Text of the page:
Cheap Food Seen as Bygone Era by FAO and OECD on Demand Rise
Agricultural prices will climb in the next decade on a combination of higher energy costs, falling productivity growth and rising demand, the OECD and the UN’s Food & Agriculture Organization forecast.
Extended periods of low prices for farm goods, driven by ever-increasing yields and cheap oil, “seem now a feature of a bygone era,” the Organization for Economic Cooperation & Development and the United Nation’s FAO wrote in a joint report on the outlook for agriculture through 2022.
Farm production will grow less rapidly in the future due to limited availability of suitable land, water constraints and rising costs of inputs such as fertilizer, according to the report. Corn and soybean prices rose to a record last year, and have more than doubled from 10 years ago.
“With energy prices high and rising and production growth declining across the board, strong demand for food, feed, fiber and industrial uses of agricultural production is leading to structurally higher prices and with significant upside risk,” the OECD and FAO wrote.
Agricultural production growth is predicted to slow to an average 1.5 percent a year through 2022 from 2.1 percent annually in the past decade, according to the report. That will still beat population growth, with farm output per person advancing by 0.5 percent per annum over the period.
“Supply should keep pace with demand at prices that are expected to remain relatively high,” the OECD and FAO wrote. “World prices are expected to be sufficiently remunerative in the next decade to encourage further investment in agricultural production and technological enhancements to permit output to continue to expand to 2022.”
Even as population growth slows in the next decade, the world will still have an additional 742 million people to feed by 2022, according to the report.
China, the most populous nation, is seen remaining near self-sufficiency for most food commodities, with per-capita consumption of wheat and rice falling as consumers eat more meat and sugar. Local rice and wheat production will cover 98 percent of consumption by 2022, while China’s pork output will satisfy 99 percent of demand, the OECD and FAO forecast.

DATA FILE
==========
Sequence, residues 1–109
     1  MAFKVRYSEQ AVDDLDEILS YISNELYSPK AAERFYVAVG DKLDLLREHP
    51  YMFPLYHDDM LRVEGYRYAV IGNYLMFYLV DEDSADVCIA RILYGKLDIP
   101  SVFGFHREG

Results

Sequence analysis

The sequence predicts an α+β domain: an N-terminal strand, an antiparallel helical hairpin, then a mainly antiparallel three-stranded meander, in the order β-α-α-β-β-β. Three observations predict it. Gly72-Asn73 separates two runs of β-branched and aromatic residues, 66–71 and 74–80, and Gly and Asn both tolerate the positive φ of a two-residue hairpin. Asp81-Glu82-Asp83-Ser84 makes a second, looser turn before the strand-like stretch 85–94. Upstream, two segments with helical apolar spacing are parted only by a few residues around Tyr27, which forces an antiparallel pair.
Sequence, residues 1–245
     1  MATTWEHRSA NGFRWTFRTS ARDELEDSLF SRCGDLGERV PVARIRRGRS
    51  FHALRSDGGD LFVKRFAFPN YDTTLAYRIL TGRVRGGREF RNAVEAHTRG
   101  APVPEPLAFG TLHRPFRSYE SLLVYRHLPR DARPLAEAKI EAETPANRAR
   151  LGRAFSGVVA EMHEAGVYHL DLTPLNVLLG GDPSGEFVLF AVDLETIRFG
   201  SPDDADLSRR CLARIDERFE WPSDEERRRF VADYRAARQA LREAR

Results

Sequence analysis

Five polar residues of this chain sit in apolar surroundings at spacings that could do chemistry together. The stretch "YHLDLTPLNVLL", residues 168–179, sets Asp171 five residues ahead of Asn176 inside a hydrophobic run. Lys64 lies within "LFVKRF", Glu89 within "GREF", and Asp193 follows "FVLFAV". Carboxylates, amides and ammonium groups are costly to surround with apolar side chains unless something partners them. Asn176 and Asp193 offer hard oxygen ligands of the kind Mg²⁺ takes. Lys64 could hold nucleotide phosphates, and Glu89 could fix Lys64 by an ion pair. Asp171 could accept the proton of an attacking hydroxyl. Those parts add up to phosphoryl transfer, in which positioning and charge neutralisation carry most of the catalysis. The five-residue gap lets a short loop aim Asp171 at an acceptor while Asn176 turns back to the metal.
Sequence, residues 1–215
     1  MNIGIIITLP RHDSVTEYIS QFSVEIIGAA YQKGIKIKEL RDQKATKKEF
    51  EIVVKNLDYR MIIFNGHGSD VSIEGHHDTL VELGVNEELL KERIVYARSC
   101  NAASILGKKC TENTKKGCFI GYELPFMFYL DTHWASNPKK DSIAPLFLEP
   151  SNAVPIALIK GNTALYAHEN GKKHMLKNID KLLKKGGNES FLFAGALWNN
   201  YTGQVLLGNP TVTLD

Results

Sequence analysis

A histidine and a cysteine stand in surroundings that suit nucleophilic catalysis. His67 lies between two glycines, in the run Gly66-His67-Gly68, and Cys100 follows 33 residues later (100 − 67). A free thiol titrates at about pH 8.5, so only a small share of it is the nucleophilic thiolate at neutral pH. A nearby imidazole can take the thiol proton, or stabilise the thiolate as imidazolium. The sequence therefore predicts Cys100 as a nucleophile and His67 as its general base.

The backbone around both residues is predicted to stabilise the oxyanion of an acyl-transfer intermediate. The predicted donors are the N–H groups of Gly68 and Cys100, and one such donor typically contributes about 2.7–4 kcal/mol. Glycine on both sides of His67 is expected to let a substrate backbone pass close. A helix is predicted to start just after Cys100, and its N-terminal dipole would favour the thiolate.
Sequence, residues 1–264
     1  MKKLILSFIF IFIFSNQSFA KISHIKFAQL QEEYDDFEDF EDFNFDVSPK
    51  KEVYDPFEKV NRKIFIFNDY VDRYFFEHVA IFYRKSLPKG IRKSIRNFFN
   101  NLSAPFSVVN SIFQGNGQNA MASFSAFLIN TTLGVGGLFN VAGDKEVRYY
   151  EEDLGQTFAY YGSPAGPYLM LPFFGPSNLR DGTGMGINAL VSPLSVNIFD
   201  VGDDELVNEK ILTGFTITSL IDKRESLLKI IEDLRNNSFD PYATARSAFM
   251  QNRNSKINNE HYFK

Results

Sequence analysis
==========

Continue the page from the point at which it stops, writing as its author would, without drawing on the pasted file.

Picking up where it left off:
Global yield growth for crops, particularly grains, has been slowing for at least two decades, partly due to reduced investment in crop research, according to the report. That trend is expected to continue in the next decade.
“Measures to reduce food loss and waste will be important in meeting rising demand and for increasing productivity,” the organizations wrote.
Inflation-adjusted prices for grains, oilseed and cotton are expected to be “relatively flat” in the next decade compared with the previous one, while most other commodities are predicted to be “well above” the average of the previous 10 years through 2012.
The outlook assumes oil prices will climb by an average 2.6 percent a year over the decade to $144 a barrel by 2022.
World output of ethanol is forecast to jump 67 percent in the decade to 167.4 billion liters (44.2 billion gallons), led by gains in the U.S. and Brazil. Biodiesel produced from crops will gain 69 percent to 40.6 billion liters on an increase in the European Union, according to the OECD and FAO.
Biofuel production is predicted to use 29 percent of world sugarcane production, 15 percent of vegetable-oil output and 12 percent of the harvest of coarse grains by 2022, the organizations predicted. Coarse grains include corn and sorghum.
Stocks-to-use ratios for grains, sugar and oilseeds are expected to be at or near historical lows toward the end of the forecast period, the organizations said.
“There is more risk of price rises than falls with further periods of price surges and bouts of enhanced volatility in the coming decade,” the OECD and FAO wrote. “Short-term price surges have been a feature of recent years.”
Sharp price rises could happen again in the case of production shortfalls or restrictions on commodity trade, and such events could result in “substantially higher” average prices for agricultural commodities than forecast, the organizations said.
Wheat prices are projected to average $274.20 a metric ton by 2022, climbing from $256.50 a ton in 2015-16 following a drop from $301.30 in 2013-14, according to the report.
“Wheat and maize prices are projected to decline sharply in the near term as production responds to high prices and then to increase gradually over the remainder of the projection period,” the OECD and FAO wrote, using another name for corn.
World wheat production is projected at 784.5 million tons in 2022-23 from 697.4 million tons in 2013-14, while output of coarse grains may increase to 1.41 billion tons from 1.25 billion tons over the decade.
Oilseed output is forecast to climb to 490.5 million tons in 2022-23 from 408.2 million tons in 2013-14. China’s oilseed imports are expected to account for 59 percent of world trade at the end of the period from 54 percent, climbing to 82.8 million tons in 2022 from an expected 65.1 million tons in 2013, the report showed.
Raw sugar prices are expected to be climb to an average $438.70 a ton in 2022-23 from $410.20 in 2013-14, while refined sugar is forecast to trade at an average $536.40 a ton from $498.80 a ton.
Global sugar production will expand to 212.2 million tons in 2022-23 from 180.5 million tons, boosted by growing production of the sweetener from cane in Brazil and India, based on the outlook.
The price of U.S. beef is expected to be $4,570 per ton in 2022, U.S. pork prices are seen at $2,285 a ton and poultry prices at $1,279 a ton, according to the report.
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